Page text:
A common trend in esports is wondering which title is going to stick around, and which would fall to the wayside in the face of the well-established juggernauts. Which up and comer is going to fall under the tread to the likes of League of Legends, CS:GO and DotA. Many thought Overwatch would cement itself among these monsters, but look how that’s going.
Let me introduce you to Rainbow 6: Siege. One of the many titles in the well known, long-established series with the same name – minus the Siege. The “Siege” aspect plays a huge role in the gameplay, which aids in setting Rainbow Six: Siege outside of the usual first-person shooters. Players take shape in either attackers and defenders from various real-world military organizations. They then choose operators possessing various gadgets to aid in either task. Attackers begin their round trying to scout out the defenders of their site and their set up, where they and their gadgets are placed. After that, the “Siege” begins.
Rainbow Six: Siege only takes place indoors, there are no major wide open maps, no grassy plains to cross and fight over, every battle you fight is in close quarters. This makes typical tropes of shooters fall to the wayside – to the point where we finally got our first true-blooded sniper operator (yes I know Glaz existed before Kali) – and emphasizes entering buildings, slow gameplay, and destructible walls.
I’m grossly oversimplifying the gameplay, but it is one esport that you both should play on your own and then spectate. This allows you to appreciate the degree of skill that goes into knowing specific locations and call outs. As a jungler in League of Legends, tracking enemies isn’t something I’m unfamiliar with, but Siege takes tracking enemies and turns it up to eleven.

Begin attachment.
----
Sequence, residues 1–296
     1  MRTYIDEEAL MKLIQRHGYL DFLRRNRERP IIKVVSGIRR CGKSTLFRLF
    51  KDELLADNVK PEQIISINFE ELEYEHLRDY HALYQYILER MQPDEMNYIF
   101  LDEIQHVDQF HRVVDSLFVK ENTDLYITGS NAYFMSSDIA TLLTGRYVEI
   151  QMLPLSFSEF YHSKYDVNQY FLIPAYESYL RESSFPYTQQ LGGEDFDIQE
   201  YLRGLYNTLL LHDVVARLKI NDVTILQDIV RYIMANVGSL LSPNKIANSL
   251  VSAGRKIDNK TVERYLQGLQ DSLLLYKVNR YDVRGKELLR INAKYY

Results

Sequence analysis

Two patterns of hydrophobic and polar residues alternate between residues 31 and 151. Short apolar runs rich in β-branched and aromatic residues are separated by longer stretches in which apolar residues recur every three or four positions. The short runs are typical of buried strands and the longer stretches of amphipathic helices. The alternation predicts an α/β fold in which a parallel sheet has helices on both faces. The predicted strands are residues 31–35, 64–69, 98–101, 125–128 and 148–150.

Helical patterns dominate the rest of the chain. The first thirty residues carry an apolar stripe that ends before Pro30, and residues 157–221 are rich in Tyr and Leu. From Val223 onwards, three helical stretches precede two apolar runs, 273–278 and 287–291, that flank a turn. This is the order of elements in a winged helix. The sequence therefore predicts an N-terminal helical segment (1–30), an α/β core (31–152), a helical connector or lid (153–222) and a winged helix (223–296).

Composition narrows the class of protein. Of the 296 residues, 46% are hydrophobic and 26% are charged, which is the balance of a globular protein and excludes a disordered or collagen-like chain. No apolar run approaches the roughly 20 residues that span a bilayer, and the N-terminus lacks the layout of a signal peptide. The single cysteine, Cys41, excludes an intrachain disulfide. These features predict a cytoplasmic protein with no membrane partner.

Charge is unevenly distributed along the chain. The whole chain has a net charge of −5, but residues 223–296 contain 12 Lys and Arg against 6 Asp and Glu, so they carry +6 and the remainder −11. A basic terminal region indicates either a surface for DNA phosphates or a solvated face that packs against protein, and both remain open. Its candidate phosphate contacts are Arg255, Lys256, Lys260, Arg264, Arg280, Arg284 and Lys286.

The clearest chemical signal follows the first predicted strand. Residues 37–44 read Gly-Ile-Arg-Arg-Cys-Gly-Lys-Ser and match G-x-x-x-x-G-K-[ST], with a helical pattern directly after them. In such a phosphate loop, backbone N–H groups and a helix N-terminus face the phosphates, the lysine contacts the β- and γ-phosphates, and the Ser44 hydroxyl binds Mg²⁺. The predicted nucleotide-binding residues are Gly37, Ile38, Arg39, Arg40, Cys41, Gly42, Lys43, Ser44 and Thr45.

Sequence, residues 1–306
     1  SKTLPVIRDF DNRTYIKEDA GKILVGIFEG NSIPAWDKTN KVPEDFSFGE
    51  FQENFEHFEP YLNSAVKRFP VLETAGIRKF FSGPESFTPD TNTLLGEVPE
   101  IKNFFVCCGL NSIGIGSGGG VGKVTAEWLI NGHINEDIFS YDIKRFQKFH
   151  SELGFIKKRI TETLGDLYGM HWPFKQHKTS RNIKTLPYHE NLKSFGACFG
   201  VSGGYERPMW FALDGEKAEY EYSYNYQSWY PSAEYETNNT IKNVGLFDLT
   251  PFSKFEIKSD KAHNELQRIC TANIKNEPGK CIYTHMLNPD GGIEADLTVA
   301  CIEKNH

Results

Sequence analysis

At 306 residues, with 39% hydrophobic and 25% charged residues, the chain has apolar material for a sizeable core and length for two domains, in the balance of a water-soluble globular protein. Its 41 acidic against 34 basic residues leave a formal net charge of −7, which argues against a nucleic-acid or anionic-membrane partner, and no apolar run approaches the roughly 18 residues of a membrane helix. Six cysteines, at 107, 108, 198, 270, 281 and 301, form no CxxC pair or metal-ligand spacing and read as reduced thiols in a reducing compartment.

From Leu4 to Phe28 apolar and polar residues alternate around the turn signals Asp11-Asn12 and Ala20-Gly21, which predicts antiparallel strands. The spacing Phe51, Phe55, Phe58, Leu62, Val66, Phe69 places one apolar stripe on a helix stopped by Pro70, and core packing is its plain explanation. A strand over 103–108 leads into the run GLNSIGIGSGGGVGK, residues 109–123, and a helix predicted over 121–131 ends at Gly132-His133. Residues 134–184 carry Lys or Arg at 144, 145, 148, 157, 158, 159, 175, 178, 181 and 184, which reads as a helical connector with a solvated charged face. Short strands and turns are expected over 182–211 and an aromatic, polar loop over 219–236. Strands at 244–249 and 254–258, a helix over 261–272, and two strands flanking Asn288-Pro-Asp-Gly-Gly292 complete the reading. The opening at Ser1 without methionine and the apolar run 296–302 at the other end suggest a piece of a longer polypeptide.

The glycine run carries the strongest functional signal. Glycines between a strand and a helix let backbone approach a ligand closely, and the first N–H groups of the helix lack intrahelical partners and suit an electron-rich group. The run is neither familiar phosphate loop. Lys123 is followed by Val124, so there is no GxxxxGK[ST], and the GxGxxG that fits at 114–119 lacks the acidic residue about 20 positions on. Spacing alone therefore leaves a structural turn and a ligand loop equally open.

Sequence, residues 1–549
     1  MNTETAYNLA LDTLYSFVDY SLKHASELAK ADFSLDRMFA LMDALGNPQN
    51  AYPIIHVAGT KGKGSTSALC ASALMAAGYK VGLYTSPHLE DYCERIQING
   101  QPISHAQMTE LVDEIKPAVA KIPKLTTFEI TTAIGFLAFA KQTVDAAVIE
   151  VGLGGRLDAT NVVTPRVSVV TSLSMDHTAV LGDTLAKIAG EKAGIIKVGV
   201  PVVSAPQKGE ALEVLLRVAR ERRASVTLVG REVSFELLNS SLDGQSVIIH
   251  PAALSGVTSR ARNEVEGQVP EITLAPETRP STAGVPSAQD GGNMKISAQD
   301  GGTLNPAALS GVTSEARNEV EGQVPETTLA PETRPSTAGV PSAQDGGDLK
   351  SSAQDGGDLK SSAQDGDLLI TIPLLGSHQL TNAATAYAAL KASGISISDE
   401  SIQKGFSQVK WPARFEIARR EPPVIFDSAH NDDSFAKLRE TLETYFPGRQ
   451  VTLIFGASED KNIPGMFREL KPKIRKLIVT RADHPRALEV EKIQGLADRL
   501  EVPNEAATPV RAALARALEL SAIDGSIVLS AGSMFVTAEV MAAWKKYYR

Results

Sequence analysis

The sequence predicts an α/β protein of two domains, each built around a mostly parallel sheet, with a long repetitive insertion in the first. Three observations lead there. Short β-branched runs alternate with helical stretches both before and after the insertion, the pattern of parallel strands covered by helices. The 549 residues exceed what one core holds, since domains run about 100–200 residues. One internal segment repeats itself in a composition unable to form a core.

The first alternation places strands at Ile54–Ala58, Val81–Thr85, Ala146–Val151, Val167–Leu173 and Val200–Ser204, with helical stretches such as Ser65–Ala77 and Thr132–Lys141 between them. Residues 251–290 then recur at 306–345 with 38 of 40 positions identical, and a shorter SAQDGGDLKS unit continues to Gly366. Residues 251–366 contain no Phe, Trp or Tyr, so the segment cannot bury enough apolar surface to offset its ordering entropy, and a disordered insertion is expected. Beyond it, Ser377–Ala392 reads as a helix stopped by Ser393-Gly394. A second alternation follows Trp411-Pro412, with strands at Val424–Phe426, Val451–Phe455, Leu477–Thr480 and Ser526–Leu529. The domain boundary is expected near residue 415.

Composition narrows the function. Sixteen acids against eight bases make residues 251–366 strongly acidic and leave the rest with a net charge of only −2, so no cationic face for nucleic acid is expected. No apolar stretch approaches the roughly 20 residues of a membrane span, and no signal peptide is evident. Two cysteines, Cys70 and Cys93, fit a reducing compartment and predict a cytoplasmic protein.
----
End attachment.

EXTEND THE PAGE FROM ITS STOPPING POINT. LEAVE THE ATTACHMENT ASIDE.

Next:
Playing the game will also make you appreciate the various types of players in Rainbow Six: Siege. Entry fraggers, in-game leaders, support players, they all play a critical role in an effective team in Rainbow Six: Siege, and how even casually the game is much better enjoyed with a group of five players. Like everything else in esports, solo queuing can leave you with a rather salty experience.
Back to the esport itself, it is experiencing the critical thing that has lead to the success of many esports — natural growth. Where some esports have had money thrown at them and hoped to have them succeed, Rainbow Six: Siege has undergone natural growth throughout time and fine-tuning with the help of ESL and Ubisoft. Usually, those two organizations don’t get much praise in the realm of esports, but those and Siege have worked out a good relationship.
The esport has 4 major regions that filter through Major, Minor and Invitational formats. Those regions are North America, Europe, Latin America, and Asia-Pacific. Many well-established names populate these regions – the likes of TSM, Evil Geniuses, Fnatic, Cloud9, Na’Vi, Team Liquid, and Fnatic – and gives fans an easy entry-way into finding a team to follow.
Those teams give players home, and those players are some of the personality-driven characters out of most esports. In many shooters, dominant personalities seem to reign supreme, but Rainbow Six: Siege players have their own brand that set themselves aside from other shooters (there’s a lovely clip of everyone’s favorite caster Goldenboy getting roasted by some of the G2 roster, you only need to watch the first minute to watch what I’m talking about).
And finally rounding out the esport is something that regardless of whether or not you hate teams that won or lost, is the casters of Rainbow Six: Siege. Rainbow Six: Siege has its own brand of casters, ones that have been established for the passion of the esport when there may or may not have been a future in the esport, and they’re nothing short of entertaining themselves. Where Siege is still considered by many as an up and comer, this has allowed their casters to be fair.. innovative with their criticism of some players and their performances (Velly and his trashcan come to mind).
I’ve said it all throughout this article, but the biggest key of this esport’s success is its natural growth, and what it’s become because of that. That alone should cement your choice in giving Rainbow Six: Siege a chance in this new year, but I hope the reasons I’ve laid out in this article further aid you in that decision!